At the heart of these systemic flaws lie two fatal American convictions: The government can't help, and disasters are things that happen to other people. That first idea is embedded so deep into American life that it becomes self-sustaining. Government departments are underfunded, often deliberately, so the everyday experience of Americans with government services becomes bureaucratic, oppressive, and unpleasant. Meanwhile, the parts of US governance most frequently enforced are those that hit the most vulnerable—such as brutal policing. From crumbling infrastructure to a tax system and a carceral state that target the poor, Americans have ample reason to not trust the government to do its job.
But another factor contributing to national denialism may be the sheer prosperity and safety of modern American life. Americans are simply not used to the idea that what's happening on the news might change their daily life. In countries where a political or natural disaster radically altered life within living memory, such as China or Vietnam, people were psychologically prepared for the impact of the coronavirus—for the idea that today's headlines might mean your life will be different tomorrow.
But in the United States, the news has very rarely had that kind of immediate impact. Mostly it's been something happening to other people, far away. Even if events hit relatively close to home, they don't matter. When Puerto Rico—a US territory—was devastated by Hurricane Maria in 2017, the American public barely noticed. It's why the response of the liberal press in the early months of the pandemic was to try to turn the coronavirus into another participant in the culture war; the real danger, papers earnestly proclaimed, was not the virus but racism. Even when mass death came to the United States, its impact was brutally disproportionate. At first, these outbreaks were small and localized, like that among Orthodox Jews in New York, but then, as the virus spread, the first wave hit Black Americans three times harder than others.
To be sure, the United States has natural disasters. But the regular exceptions are limited and regionally specific: floods in New Orleans, tornados in the Midwest. They're also much more visible than the pandemic; nobody can disagree with the existence of a hurricane. Throw into the difficulty of accepting an invisible foe the paranoid history of American conspiratorialism, and you end up with a nation dotted with denialists. Being denied a high school party or a Thanksgiving get-together has become defined for tens of millions of Americans as an act of government oppression, not a necessary sacrifice. (In contrast, Chinese sacrificed the single-most important family event of the year, the Spring Festival, entirely.)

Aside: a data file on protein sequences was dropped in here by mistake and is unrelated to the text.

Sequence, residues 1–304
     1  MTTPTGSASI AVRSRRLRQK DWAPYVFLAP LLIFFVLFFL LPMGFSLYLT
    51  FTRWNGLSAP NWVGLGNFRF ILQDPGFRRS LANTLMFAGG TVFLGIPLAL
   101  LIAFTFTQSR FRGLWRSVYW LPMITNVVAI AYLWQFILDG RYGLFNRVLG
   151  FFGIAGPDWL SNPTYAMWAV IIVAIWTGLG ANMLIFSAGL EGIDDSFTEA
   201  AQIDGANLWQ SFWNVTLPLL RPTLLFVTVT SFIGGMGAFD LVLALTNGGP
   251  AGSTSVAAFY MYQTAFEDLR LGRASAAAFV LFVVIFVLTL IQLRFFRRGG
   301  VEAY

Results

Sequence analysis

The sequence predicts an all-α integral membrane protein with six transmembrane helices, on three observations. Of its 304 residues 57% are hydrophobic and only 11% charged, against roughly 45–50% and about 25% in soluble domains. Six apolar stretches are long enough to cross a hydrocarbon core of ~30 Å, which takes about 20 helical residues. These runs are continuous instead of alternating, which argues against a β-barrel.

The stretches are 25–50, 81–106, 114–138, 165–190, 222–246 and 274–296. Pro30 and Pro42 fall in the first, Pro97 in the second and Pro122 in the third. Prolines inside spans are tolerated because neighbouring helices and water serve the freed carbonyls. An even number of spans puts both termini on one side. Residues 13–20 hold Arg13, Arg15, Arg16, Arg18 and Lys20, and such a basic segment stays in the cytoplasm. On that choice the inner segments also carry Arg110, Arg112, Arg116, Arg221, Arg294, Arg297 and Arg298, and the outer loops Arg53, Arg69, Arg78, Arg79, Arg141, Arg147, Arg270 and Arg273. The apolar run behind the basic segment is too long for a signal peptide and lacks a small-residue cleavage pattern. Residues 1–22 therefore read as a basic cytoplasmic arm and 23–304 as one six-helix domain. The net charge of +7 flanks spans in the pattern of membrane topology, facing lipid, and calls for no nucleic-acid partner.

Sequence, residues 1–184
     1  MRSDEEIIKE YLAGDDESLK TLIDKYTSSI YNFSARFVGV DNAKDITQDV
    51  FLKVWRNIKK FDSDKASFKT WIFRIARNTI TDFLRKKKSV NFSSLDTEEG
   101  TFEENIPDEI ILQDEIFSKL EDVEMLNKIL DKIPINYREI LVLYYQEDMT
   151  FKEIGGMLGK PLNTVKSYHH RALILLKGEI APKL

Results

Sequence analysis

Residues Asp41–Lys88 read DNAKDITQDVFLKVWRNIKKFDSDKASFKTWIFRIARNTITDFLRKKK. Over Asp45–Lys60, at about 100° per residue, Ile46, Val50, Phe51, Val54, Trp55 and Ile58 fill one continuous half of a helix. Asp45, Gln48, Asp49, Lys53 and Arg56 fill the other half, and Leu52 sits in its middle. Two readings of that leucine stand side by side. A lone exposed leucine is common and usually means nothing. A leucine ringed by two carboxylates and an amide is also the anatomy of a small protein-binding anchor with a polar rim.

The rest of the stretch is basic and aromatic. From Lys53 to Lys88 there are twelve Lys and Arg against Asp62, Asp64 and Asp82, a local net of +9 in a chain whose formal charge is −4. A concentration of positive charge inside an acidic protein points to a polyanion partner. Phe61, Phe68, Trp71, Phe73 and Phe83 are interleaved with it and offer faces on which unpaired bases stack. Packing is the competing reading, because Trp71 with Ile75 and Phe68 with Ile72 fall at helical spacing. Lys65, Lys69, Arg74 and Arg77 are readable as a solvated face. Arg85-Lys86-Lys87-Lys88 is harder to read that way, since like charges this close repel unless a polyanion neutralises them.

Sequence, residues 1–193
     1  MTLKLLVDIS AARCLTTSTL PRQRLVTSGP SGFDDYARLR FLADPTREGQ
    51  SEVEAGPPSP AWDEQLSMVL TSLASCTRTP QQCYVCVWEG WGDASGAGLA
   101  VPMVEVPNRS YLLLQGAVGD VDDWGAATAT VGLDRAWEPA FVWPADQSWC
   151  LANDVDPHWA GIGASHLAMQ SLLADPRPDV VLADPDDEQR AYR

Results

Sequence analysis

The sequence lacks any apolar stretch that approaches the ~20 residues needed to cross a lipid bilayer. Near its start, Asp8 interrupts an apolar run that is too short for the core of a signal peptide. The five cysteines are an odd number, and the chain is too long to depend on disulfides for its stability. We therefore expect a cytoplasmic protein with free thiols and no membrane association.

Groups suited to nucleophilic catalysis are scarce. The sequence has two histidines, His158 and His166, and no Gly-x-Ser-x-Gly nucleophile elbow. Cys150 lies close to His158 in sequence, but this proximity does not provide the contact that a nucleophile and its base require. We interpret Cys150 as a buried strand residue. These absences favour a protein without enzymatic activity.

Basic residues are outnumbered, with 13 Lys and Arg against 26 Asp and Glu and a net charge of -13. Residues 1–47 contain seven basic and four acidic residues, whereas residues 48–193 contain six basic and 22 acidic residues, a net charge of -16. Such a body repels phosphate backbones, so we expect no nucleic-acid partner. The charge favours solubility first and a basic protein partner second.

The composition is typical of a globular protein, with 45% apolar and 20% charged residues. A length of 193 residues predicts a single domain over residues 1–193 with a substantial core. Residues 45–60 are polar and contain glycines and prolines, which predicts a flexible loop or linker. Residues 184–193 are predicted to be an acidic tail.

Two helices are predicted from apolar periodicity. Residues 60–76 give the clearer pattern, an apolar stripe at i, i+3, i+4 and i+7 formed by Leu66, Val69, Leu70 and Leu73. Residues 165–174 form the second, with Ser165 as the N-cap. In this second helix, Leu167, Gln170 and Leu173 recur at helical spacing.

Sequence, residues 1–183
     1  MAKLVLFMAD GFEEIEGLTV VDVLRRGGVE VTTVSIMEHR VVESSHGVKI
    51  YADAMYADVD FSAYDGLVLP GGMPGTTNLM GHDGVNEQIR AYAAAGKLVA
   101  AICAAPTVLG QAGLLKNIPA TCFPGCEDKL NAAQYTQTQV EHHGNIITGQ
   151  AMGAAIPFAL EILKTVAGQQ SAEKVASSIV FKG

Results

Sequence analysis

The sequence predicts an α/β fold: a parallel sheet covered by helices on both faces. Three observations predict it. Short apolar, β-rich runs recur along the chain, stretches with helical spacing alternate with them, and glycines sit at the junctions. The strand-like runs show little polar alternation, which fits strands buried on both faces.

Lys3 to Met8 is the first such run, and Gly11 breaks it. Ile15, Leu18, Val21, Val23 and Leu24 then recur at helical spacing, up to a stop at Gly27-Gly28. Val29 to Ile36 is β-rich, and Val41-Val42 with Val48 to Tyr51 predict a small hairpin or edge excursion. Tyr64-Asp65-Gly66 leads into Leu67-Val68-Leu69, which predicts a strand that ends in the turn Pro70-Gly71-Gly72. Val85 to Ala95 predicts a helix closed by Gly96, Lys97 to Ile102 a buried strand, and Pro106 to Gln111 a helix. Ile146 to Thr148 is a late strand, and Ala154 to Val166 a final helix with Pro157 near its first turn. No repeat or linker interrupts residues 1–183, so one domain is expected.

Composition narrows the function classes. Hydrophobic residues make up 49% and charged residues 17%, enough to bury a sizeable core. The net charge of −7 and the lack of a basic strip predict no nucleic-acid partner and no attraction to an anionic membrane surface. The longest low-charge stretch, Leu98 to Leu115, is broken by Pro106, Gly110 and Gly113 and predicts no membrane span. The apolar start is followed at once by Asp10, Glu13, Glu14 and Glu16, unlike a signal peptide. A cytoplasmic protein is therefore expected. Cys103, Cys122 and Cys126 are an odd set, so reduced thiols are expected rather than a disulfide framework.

This was not inevitable, nor is it entirely unique. Australia and New Zealand are proverbially lucky countries, with long histories of prosperity. But their proximity to Asia, experience with SARS, and strong notions of communal support meant their response was fast and effective. Europe lacks the degree of American mistrust in government, but its own seven decades of postwar complacency made its coronavirus response dangerously late and drained the will to sustain measures through the winter.
Foreign-born doctors and entrepreneurs are at the forefront of fighting the pandemic and resuscitating economies, but nativist politicians still want to keep them out.
But America's current path is now locked in, since the Republican Party has committed itself wholeheartedly to sustaining the same bad ideas that caused the disaster to begin with. Even the incoming administration of Joe Biden will find itself effectively hamstrung on any action, literally unable to take the lifesaving measures—from a true lockdown to economic support—that the country desperately needs. American exceptionalism has finally caught up with the United States.
James Palmer is a deputy editor at Foreign Policy. Twitter: @BeijingPalmer
Disclaimer: This article first appeared on Foreign Policy, and is published by special syndication arrangement